Earth Pilgrim Satish Kumar at Navdanya. ~ Carrie Stiles

One of the greatest blessings of my life was studying with the visionary peace pilgrim Satish Kumar at Navdanya for the Earth University’s (Bija Vidyapeeth’s) remarkable Gandhi and Globalization Course. Satish Ji founded Schumacker College in Devon England. He became a walking Jain monk at the age of nine in Rajasthan. Satish Ji escaped to join the Gandhian movement and Vinoba Bhave, the leader of Gandhi’s Satyagraha truth force movement. In 1962 Kumar and his friend E P Menon undertook a peace pilgrimage walking from India to the four capitals of the nuclear world: Moscow, Paris, London and the U.S. and took no money on their walking voyage at the advice of their guru Vinoba Bhave.

Please be inspired and share these videos.

“This was Mahatma Gandhi’s idea, moving from ownership to relationship — seeing that land does not belong to us. We belong to the land. We are not the owners of the land. We are the friends of the land, like friends of the earth. The fundamental shift is in this consciousness that land does not belong to us, we belong to the land.” ~ Satish Kumar

Satish Kumar on Vinoba Bhave Talks on the Gita. 

Earth Pilgrim Satish Kumar on Civil Disobedience.

Earth Pilgrim Satish Kumar on Nonviolence at Navdanya.

Earth Pilgrim Satish Kumar on the trial of Mahatma Gandhi Ji.

Satish Kumar & Madhu on Nonviolent Thought at Navdanya 

Satish Kumar No Such Thing as Utopia.

Earth Pilgrim Satish Kumar on Binary Dualism at Navdanya. 

“We live under the power of Modern Consciousness, which means that we are obsessed with progress. Wherever you are is not good enough. We always want to achieve something, rather than experience something. The opposite of this is Spiritual Consciousness. By that I mean you find enchantment in every action you do, rather in just the results of your action. Spiritual Consciousness is not a particular religion but a way of being.”

~ Satish Kumar

Advertisements

My Interview with the former Prime Minister of Tibet in Exile Venerable Samdhong Rinpoche. ~ Carrie Stiles

“We know that social structures kill and maim as surely as the bullet and the knife” ~ Hoivik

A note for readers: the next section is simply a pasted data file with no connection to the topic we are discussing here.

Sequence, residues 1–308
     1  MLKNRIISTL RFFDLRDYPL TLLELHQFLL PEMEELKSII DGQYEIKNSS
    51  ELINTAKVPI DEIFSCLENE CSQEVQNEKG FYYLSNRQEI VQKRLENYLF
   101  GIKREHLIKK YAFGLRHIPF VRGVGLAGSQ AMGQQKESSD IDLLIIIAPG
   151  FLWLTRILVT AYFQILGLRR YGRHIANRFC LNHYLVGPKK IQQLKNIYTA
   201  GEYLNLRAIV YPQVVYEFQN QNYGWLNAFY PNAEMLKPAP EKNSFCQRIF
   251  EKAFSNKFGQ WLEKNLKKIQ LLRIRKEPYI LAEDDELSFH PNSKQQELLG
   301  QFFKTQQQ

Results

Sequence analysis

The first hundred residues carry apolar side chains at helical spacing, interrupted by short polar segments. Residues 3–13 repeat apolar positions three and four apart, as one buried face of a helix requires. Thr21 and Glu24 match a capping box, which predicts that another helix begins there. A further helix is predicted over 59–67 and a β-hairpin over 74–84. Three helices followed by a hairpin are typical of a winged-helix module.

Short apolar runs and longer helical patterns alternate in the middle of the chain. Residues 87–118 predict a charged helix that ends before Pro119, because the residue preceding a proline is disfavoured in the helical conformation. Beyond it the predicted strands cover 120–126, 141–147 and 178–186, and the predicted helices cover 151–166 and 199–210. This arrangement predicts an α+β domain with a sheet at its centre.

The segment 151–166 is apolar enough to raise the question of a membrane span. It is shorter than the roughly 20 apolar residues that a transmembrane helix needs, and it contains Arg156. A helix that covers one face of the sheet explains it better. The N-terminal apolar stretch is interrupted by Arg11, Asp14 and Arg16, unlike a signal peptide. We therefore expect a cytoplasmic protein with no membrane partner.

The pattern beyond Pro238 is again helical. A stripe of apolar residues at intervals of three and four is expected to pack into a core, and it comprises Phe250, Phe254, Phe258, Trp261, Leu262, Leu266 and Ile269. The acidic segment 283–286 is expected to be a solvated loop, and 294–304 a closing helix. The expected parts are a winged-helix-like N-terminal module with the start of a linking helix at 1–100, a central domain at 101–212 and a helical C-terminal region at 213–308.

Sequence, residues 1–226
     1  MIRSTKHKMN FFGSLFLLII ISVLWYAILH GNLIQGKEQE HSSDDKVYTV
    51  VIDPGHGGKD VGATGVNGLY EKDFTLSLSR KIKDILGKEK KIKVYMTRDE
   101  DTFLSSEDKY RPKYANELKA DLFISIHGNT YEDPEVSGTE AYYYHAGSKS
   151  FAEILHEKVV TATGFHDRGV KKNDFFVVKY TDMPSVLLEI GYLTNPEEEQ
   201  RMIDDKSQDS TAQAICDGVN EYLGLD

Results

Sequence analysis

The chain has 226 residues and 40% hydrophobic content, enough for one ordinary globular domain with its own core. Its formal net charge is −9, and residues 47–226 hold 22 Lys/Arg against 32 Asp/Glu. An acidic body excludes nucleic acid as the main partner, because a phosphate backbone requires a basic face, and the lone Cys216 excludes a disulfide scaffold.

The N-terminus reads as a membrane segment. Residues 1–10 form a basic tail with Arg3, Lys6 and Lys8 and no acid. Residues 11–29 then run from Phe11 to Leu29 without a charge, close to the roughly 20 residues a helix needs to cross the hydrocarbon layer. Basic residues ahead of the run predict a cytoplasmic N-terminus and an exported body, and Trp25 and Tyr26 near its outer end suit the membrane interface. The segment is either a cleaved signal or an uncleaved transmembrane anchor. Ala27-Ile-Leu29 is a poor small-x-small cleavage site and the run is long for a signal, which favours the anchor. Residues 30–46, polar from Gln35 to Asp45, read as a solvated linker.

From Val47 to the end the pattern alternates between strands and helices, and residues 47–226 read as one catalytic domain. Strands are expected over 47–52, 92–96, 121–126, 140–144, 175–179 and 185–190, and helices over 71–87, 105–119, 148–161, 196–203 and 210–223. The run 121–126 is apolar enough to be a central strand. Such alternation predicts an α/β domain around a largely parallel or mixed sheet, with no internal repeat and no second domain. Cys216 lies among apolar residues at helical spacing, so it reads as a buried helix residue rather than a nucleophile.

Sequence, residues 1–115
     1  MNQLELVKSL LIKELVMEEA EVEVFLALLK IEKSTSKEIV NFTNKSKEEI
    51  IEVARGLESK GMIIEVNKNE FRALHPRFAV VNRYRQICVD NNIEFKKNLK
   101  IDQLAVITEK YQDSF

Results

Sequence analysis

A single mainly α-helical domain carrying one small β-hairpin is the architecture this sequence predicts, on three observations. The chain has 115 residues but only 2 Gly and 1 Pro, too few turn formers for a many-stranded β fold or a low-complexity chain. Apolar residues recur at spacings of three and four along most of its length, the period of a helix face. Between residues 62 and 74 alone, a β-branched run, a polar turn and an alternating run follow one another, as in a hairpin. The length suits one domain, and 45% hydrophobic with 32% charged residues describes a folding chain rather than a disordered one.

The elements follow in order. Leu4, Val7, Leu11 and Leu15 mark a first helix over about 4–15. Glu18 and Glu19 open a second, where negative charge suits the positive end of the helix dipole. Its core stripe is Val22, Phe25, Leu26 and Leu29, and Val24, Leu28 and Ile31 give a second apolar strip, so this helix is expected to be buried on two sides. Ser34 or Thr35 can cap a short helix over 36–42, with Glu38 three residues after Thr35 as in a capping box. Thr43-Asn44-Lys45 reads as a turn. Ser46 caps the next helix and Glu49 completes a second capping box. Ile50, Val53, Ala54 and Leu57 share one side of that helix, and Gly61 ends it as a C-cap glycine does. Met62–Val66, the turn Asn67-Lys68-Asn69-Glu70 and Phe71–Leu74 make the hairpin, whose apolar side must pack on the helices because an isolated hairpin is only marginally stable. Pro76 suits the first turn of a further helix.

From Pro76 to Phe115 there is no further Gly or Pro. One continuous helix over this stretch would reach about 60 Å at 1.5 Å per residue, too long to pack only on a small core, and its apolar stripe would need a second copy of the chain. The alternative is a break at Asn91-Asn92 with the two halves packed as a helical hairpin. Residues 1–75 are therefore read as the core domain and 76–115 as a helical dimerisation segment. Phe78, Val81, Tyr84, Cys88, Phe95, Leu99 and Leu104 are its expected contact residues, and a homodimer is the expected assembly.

Norwegian peace researcher Johan Galtung first proposed the theory of Structural Violence (Barash & Webel, 2009).

Galtung defines violence as the avoidable disparity between the potential ability to fulfill basic needs and their actual fulfillment. Poverty and unjust socio-political and economic institutions, systems and structures harm, or kill people. Structural Violence is indirect, avoidable violence built into structures where there is unequal power and consequently unequal life chances. Structural Violence is an oppressive framework that operates through powerful associations, organizations and institutions that guarantees privilege amongst its leaders, prioritization of their political agenda, and an enforcement of their methods and ideologies.

 

“The identification of redressable injustice is not only what animates us to think about justice and injustice, it’s also central … to the theory of justice (p. VII) … The impossibility of remaining silent on a subject is an observation that can be made about many cases of injustice that move us to rage in a way that is hard for our language to capture. And yet any analysis of injustice would also demand clear articulation and reasoned scrutiny (p. 1)” ~ Amartya Sen

“As the twentieth century draws to a close, the world’s poor are the chief victims of Structural Violence – a violence which has thus far defied the analysis of many seeking to understand the nature and distribution of extreme suffering. Why might this be so? One answer is that the poor are not only more likely to suffer, they are also more likely to have their suffering silenced.” ~ Dr. Paul Farmer

Creating a system of accountability requires tracing experiences of suffering back to specific sources in a global context.

The basis of many social movements hinges on tracing Structural Violence back to a source and holding those sources accountable through creative, innovative methods. It is not that Structural Violence exists when things are not clear, but rather where there is complexity of social forces. The complexity of social forces must be rendered comprehensible for constructive Conflict Resolution to mitigate Structural Violence. It is the role of Conflict Resolution Practitioners and Scholars to better understand the subject-action-object relations to create the space necessary for constructive dialogue.

Elaborating a theory of Structural Violence demands that we design a system of accountability by mounting evidence rather than accepting the illusive character of suffering. The example of the Life Patent and Intellectual Property Rights Regimes over Plant Genetic Resources illuminates an example of the complex forces that converge to generate Structural Violence.

~ Carrie Stiles